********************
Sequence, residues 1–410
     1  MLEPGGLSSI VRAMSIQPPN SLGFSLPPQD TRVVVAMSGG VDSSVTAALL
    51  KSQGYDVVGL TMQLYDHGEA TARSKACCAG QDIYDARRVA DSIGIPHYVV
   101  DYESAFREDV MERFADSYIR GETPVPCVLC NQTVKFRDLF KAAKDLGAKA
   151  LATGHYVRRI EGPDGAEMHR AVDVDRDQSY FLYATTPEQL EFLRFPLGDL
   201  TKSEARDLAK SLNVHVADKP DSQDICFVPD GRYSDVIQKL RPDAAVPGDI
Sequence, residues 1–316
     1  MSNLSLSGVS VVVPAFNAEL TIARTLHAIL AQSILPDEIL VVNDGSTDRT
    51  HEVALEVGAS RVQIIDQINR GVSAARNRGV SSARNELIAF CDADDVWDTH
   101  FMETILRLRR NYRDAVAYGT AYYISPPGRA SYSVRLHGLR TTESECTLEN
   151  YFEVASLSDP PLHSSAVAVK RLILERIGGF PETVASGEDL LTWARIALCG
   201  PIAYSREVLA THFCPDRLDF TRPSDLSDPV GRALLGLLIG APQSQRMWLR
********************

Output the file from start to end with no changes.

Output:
Sequence, residues 1–410
     1  MLEPGGLSSI VRAMSIQPPN SLGFSLPPQD TRVVVAMSGG VDSSVTAALL
    51  KSQGYDVVGL TMQLYDHGEA TARSKACCAG QDIYDARRVA DSIGIPHYVV
   101  DYESAFREDV MERFADSYIR GETPVPCVLC NQTVKFRDLF KAAKDLGAKA
   151  LATGHYVRRI EGPDGAEMHR AVDVDRDQSY FLYATTPEQL EFLRFPLGDL
   201  TKSEARDLAK SLNVHVADKP DSQDICFVPD GRYSDVIQKL RPDAAVPGDI
Sequence, residues 1–316
     1  MSNLSLSGVS VVVPAFNAEL TIARTLHAIL AQSILPDEIL VVNDGSTDRT
    51  HEVALEVGAS RVQIIDQINR GVSAARNRGV SSARNELIAF CDADDVWDTH
   101  FMETILRLRR NYRDAVAYGT AYYISPPGRA SYSVRLHGLR TTESECTLEN
   151  YFEVASLSDP PLHSSAVAVK RLILERIGGF PETVASGEDL LTWARIALCG
   201  PIAYSREVLA THFCPDRLDF TRPSDLSDPV GRALLGLLIG APQSQRMWLR